Nigeria ban provisionally lifted
FIFA, which suspended the West African nation over political interference in the sport on Monday, said the situation had improved and removed the ban until later this month.
Meanwhile, the Confederation of African Football (CAF) said that Sunday's match in Conakry would go ahead as planned.
Nigeria, who narrowly escaped an international ban in July over the government's threat to pull them out of international competition, beat Madagascar 2-0 in their opening group match last month.
FIFA said in a statement that the acting general secretary of the Nigerian federation (NFF) had been allowed to return to his post and the government had stopped its interference in the Nigerian League.
The world governing body said there had also been assurances that a court case involving the NFF would be dropped. It set October 26 as the deadline for that to be confirmed.
"However, should the NFF still be embroiled in court actions or any other issue preventing it from working freely on that date, the suspension will be automatically confirmed until all problems have been definitively solved," added FIFA.
The incident was the latest chapter in the chaotic administration of Nigerian football in which national team coaches are hired and fired with astonishing regularity and directors and politicians are continually fighting.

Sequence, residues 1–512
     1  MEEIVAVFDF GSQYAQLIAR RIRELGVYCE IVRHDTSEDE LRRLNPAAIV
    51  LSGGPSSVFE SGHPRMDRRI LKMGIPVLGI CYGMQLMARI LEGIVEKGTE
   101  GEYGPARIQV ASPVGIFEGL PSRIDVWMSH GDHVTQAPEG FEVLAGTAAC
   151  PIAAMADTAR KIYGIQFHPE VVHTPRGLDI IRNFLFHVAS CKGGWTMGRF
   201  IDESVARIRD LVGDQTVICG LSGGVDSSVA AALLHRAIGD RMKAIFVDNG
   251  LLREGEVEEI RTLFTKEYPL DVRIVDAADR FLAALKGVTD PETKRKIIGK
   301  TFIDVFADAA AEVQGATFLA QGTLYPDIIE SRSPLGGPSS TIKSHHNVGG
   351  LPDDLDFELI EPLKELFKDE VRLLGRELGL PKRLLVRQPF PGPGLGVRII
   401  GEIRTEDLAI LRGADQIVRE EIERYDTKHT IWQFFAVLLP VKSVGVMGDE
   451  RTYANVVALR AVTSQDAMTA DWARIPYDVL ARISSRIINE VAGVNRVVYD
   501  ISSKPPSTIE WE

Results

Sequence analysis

Nigeria were also banned by the Confederation of African Football (CAF) in 1996 when then President Sani Abacha withdrew the team from the African Nations Cup finals in South Africa because he had been criticised by Nelson Mandela over the judicial execution of political opponents.
As a result, Nigeria missed the following Nations Cup in Burkina Faso in 1998.
Nigeria have played at the World Cup four times, twice reaching the last 16, and won the Nations Cup twice but many feel it is a disappointing record for such a populous, football-mad country.
Nigeria were knocked out in the first round at the World Cup in South Africa after failing to win a game, prompting President Goodluck Jonathan to order the team's withdrawal from international football for the next two years.
As FIFA threatened to suspend the Nigerian federation, Jonathan reversed his decision after the federation agreed to disband the team and after appeals from Nigerians including former leaders.